Back in December, I found myself sitting in a quaint backyard, surprisingly peaceful despite its location in the center of Delhi, India. This backyard belonged to Emmy award winner and Founder/Director of Apne Aap Women Worldwide, Ruchira Gupta, who granted me 20 minutes of chat time before she boarded a flight to Nepal. 20 minutes isn’t long to learn about a woman who has lobbied with Indian policy makers, testified in the US Senate, addressed the UN General Assembly (twice), won an Emmy (1997) and the Clinton Global Citizen Award (2009), founded an NGO, and been held at knife point, all to stand up for the rights of women and girls, specifically in ending sex trafficking.
I arrived in Delhi late the previous night, stopping specifically for this meeting on my way to Southern India. Ruchira paused between packing her travel bags to sit down with me. I opened my notebook and chose my first question, noting I would have to set aside my curiosity for minute details during this short interview. “Can you tell me what originally motivated you to start Apne Aap?” I inquired. Ruchira filled the next twenty minutes with facts, personal experiences, stories of horror and despair, stories of hope and triumph, and answers to each one of my written questions, without any further prompt.
On a journey to Nepal prior to 1996, Gupta, a journalist at the time, noticed villages missing women aged 15-45. She inquired and learned these women had been sold and trafficked to Bombay (now Mumbai), where they were pushed into prostitution. Gupta began working closely with 22 of these women in the brothels of Bombay to produce a film documentary, The Selling of Innocents. The involved women took comfort in one another and formed a support system that provided “the strength to resist their situation”, which later evolved into the foundation of Apne Aap.
Since 2002, Apne Aap has helped women organize self empowerment groups across India, to help other women trapped in prostitution and to prevent their daughters from falling into the sex trafficking cycle. Apne Aap provides women with access to education, legal rights training, and the opportunity to share their courage. The organization approaches both the supply and demand sides of the sex industry by lobbying with policy makers to provide relief to victims and to shift the blame to the chain of perpetrators.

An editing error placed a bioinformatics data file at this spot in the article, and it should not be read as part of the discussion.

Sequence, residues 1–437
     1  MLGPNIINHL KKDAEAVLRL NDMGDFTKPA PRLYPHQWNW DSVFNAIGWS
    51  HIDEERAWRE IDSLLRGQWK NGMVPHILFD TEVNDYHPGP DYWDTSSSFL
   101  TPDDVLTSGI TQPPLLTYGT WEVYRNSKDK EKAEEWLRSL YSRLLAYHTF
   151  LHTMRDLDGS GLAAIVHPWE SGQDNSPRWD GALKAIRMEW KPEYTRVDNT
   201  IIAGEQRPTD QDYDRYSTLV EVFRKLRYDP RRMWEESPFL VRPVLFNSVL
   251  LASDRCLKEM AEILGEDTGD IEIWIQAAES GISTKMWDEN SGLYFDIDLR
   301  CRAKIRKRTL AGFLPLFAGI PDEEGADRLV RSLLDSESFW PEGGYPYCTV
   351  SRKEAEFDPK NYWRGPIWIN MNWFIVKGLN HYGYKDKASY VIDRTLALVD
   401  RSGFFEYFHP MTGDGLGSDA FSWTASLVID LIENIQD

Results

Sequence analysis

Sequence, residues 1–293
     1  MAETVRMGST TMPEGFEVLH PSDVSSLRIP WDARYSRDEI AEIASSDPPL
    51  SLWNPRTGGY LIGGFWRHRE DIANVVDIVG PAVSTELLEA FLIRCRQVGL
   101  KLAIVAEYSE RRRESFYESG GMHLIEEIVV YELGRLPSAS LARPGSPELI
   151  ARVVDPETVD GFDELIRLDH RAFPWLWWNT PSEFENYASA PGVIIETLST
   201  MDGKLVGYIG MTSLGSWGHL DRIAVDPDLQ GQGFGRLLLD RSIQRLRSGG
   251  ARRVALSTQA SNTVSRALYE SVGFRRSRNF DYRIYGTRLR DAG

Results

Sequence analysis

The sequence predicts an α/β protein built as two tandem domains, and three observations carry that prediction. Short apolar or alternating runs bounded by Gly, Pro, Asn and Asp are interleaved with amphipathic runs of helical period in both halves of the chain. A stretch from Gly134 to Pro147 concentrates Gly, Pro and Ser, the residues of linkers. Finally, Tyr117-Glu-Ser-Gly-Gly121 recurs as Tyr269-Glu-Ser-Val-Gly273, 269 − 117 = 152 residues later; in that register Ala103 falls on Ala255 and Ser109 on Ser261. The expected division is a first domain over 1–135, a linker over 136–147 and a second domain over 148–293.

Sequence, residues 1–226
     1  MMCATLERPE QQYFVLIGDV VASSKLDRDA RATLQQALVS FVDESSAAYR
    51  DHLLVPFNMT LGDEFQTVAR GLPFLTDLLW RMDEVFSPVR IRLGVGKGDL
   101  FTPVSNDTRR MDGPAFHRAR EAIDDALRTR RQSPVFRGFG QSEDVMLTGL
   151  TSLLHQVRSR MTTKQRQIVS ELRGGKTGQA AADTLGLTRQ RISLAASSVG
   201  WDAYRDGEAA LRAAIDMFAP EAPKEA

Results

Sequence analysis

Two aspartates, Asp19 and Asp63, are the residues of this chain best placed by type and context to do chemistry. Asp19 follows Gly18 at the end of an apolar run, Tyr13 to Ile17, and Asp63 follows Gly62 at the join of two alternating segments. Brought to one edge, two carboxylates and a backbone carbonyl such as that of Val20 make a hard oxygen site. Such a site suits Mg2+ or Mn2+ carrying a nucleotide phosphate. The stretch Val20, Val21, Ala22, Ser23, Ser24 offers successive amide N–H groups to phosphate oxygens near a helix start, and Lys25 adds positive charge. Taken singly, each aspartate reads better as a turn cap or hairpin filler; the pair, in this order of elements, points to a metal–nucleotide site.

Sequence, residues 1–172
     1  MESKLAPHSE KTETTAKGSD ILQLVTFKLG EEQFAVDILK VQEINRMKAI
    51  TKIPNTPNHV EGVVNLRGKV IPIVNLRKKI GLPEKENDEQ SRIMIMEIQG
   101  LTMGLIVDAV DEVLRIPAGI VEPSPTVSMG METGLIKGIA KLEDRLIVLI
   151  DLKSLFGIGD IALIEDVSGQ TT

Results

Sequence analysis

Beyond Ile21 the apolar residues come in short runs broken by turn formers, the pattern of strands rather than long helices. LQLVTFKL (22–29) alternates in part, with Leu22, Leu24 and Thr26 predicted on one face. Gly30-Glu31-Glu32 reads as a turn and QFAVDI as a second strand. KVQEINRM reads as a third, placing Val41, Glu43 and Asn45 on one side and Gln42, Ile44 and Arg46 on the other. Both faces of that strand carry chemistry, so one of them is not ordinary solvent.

My time with Gupta opened my eyes to the change one woman can instigate when her motivations are combined with the dreams and knowledge of those around her. As a journalist, Gupta was unfamiliar with the sex trafficking industry. But her willingness to ask questions and her ability to read and write allowed her to join forces with 22 women who originally thought themselves too powerless to bring about change. Together, they have helped over 15,000 women overcome their circumstances.
Ruchira Gupta represents the core idea of Lead Now – to take whatever talent you have and try to use it to make a positive impact. The concept of combining rock climbing and philanthropic fundraising is new to me, so I’m learning along the way. Each day I recognize something I could do better or differently. But moments like those I spent with Ruchira Gupta are the most valuable of all. Her words inspire me. She has opened her heart to a world where pain and fear blur out happiness and hope. She has helped women garner courage, not only in India but around the world. We might not understand what the women supported by Apne Aap experience, but we can use their example as a way to live our lives, to reach out to those in need. Even a smile can go a long way, try it.
You can help Lead Now support Apne Aap by visiting crowdrise.com/leadnowtourindia. So far we’ve raised about $2,500. Can you help us get to $10,000?
Our Lead Now India episode will be out next week! Check back to hear more from Ruchira Gupta and learn about our time climbing in Badami.
The following photos are unrelated to Apne Aap and the women Apne Aap helps. They are my photos from Southern India, of girls and women I saw on the street who waved, smiled, or invited me to peer into their door. Photos often provide a way to interact, as strangers can share a quick laugh or compliment about an image on the camera screen. These interactions are some of the best modern tools for learning.